It was not till now that I felt the first inkling of suspicion. The gloomy surroundings seemed hardly in keeping with the quarters where one might ex- pect to find The Midnight Lady. I was about to say so when a slight noise sounded from behind. At the same in- stant the cold barrel of a revolver was thrust against the back of my head.
"Steady!" was hissed at me from the darkness. "One shout and it's your last!"
Those seven words were enough to confirm my suspicions. I had been led into a carefully baited trap.
Even as I realized it, the soft voice spoke again: "I am not a man to waste words, O'Hara, so listen carefully to every one of them. Of course this chat may be a bit one-sided, as any refusal on your part means you won't live to hear its ending."
While he spoke he had been follow- ing a winding, narrow lane, from which would come the occasional glimmer of some street lamp, its dim rays feebly penetrating the surrounding gloom. No shout or footsteps reached us from the blackness, and the rumbling traffic was distant and dim. The stolid driver was staring into the night as though un- aware of the little tragedy beside him.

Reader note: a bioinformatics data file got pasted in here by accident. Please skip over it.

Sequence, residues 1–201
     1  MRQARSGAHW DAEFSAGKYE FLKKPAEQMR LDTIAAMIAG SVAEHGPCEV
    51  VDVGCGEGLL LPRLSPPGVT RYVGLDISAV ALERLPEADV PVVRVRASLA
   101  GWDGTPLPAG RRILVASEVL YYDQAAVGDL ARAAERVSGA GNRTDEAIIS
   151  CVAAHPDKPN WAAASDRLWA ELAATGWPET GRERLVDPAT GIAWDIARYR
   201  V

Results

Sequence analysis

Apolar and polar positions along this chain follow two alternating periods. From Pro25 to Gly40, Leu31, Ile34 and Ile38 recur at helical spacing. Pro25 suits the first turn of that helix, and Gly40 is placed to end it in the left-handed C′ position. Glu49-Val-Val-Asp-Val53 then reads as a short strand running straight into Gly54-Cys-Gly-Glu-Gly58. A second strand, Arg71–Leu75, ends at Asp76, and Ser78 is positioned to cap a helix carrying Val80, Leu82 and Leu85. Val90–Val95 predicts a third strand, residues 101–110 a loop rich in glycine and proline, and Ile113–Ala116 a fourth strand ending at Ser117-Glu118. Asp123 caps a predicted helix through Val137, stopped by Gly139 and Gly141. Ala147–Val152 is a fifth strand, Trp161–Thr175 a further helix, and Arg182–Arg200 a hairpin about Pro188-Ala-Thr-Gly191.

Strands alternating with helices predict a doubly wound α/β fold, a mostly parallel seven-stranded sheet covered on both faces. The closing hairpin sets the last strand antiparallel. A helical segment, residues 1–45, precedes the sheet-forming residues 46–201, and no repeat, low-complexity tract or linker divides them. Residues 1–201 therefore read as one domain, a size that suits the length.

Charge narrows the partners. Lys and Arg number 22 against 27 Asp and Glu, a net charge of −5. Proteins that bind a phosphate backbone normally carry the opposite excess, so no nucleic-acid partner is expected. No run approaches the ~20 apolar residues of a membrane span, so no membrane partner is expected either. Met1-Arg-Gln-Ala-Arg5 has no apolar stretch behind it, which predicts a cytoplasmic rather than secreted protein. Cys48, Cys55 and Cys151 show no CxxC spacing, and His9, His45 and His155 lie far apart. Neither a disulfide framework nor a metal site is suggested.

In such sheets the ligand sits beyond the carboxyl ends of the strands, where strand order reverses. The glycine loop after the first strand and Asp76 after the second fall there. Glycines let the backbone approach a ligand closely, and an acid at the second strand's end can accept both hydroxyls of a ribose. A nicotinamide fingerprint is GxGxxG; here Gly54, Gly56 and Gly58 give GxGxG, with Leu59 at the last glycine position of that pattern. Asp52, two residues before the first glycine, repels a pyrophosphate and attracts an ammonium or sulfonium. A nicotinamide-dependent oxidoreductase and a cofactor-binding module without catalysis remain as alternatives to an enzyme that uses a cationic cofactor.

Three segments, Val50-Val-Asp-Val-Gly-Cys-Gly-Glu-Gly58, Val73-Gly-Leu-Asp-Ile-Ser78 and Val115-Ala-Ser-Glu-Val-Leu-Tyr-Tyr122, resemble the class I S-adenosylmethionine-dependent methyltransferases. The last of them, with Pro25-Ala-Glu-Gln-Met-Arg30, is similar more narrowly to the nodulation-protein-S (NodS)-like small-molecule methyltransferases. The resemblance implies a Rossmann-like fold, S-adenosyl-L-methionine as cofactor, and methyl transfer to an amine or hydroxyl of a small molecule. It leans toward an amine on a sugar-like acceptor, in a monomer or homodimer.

"It appears as though you have some sort of a scroll that a friend of mine has convinced me should be his. Now I won't mention any names, but I think you know what happened. It was
agreed that the scroll would be given to him, and then you promised it to an- other. So the gentleman has done the wise thing. He came to me and placed the entire matter in my hands. I have promised him results."
The voice hardened. "That scroll will be given to me in the morning, fella, or else—"
There was brief pause.
"So I guess that makes your position clear. You will stay with us for the re- mainder of the night, and tomorrow you will be taken to your hotel by two of my boys, who will assume charge of the parchment and relieve you of the worry its ownership is certain to cause. Needless to say, both of them will be well armed, and the flicker of an eye- lash means your death."
There came the faintest whine of well-oiled brakes, and the car was brought to a standstill.
"Ah, journey's end," spoke the voice from the rear. "And surely my poor knees will welcome the change." Then as an afterthought: "But perhaps it would be just as well if you were to re- main in ignorance of your where- abouts."
There was something ominous about those last words, and at the same in- stant the gun had been withdrawn from my head. Then came the sound of a moving form behind me. In a flash I had wheeled that I might strike one blow, even if it were to be my last, but too late. The man behind had risen and was swinging his weapon above him, and though I made a frantic effort to dodge it, the heavy gun crashed against my head, and I toppled limply forward.
IT WAS, as I afterward learned, but a few minutes later when I regained consciousness. The first sensation was